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Wavelength effects on contrast observed with reflectance in vivo confocal laser scanning microscopy

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The ability to optically section live biological tissue in vivo with laser light is made possible by confocal laser scanning microscopy (CLSM). In this work, the effects of changing the wavelength of incident light used for CLSM imaging of human skin are reported and analyzed. Methods:

Optical phantoms and the skin of eight human volunteers were imaged using CLSM systems having three different incident light wavelengths (405, 785, and 830 nm). Results:

Qualitative and quantitative differences were observed between images obtained at each wavelength, despite the proximity of the two near infrared 785 and 830 nm wavelengths. Furthermore, the penetration depth achieved with the 405 nm CLSM permitted imaging into the papillary dermis. Conclusion:

The laser wavelength used in CLSM reflectance imaging is important to properly understand and resolve different biological structures within human skin.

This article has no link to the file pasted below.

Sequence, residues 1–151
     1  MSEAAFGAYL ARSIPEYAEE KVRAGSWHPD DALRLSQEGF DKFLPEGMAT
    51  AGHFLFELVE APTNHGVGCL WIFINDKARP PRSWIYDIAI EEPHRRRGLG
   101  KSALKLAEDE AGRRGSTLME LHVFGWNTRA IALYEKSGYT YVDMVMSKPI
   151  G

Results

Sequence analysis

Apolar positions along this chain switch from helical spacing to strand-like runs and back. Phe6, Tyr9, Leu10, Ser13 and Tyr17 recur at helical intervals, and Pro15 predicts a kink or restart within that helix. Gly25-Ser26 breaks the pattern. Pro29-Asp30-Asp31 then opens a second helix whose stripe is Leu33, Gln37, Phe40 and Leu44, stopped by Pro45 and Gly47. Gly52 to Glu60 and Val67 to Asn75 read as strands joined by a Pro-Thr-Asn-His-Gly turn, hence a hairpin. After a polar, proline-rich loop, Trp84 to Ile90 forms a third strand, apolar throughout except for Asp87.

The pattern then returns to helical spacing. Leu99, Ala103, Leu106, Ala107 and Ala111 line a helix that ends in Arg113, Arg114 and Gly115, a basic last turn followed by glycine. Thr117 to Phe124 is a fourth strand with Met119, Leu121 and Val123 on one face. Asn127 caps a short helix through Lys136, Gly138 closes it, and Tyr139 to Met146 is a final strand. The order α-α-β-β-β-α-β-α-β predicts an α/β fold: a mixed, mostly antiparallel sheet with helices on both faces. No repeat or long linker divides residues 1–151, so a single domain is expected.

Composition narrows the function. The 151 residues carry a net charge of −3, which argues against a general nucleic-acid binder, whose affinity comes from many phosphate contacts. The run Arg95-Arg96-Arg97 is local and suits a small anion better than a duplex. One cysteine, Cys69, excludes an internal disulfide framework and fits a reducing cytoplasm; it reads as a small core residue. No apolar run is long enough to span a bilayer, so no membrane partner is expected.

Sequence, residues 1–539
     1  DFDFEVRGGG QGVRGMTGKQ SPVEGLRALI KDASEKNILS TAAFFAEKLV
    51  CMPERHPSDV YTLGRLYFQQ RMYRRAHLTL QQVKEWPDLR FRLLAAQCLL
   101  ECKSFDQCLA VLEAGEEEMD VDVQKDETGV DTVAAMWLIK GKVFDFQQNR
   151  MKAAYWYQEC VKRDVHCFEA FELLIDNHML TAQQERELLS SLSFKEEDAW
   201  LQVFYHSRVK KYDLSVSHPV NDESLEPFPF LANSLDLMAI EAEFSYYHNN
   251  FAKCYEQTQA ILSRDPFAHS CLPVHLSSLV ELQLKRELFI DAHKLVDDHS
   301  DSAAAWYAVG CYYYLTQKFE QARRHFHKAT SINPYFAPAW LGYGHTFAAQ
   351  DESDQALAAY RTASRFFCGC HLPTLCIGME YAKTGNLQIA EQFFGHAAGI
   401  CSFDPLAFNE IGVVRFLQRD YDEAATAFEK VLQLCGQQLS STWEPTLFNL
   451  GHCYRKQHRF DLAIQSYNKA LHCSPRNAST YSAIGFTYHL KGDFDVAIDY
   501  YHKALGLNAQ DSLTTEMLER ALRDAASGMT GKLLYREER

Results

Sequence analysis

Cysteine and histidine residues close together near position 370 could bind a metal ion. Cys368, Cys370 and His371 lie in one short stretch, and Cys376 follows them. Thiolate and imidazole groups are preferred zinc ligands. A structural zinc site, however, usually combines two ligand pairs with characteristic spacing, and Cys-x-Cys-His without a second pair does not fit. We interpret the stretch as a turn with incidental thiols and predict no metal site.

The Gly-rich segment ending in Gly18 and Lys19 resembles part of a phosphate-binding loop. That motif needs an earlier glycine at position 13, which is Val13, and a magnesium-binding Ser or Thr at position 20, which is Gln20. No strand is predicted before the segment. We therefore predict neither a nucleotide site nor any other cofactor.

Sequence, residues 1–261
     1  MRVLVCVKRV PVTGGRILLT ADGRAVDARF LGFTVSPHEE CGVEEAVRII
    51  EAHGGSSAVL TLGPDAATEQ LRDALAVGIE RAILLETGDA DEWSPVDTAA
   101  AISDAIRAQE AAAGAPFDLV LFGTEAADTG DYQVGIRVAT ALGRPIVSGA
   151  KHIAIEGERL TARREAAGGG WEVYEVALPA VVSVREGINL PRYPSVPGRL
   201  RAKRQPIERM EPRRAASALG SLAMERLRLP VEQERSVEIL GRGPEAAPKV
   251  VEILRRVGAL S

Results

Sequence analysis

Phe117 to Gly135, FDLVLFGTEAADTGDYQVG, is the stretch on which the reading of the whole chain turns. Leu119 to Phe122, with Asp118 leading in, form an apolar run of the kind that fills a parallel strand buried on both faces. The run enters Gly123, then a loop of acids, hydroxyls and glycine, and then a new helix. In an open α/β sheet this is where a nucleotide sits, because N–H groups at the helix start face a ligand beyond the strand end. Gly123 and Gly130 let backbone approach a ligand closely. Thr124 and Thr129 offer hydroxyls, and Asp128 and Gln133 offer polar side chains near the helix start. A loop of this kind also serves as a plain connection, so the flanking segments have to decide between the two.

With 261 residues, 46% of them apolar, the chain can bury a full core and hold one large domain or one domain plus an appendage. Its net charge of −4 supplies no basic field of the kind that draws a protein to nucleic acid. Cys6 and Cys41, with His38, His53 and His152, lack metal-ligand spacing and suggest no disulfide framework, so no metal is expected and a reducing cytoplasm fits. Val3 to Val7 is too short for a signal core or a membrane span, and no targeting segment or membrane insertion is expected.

Keywords: confocal laser scanning microscopy; dermatology; medical imaging; non-invasive imaging; reflectance confocal microscopy; scanning confocal laser microscopy; scanning laser confocal microscopy; wavelength

Document Type: Research Article


Affiliations: 1: Johnson & Johnson Consumer and Personal Products Worldwide, Skillman, NJ, USA and 2: School of Biomedical Engineering, Science & Health Systems, Drexel University, Philadelphia, PA, USA

Publication date: November 1, 2009


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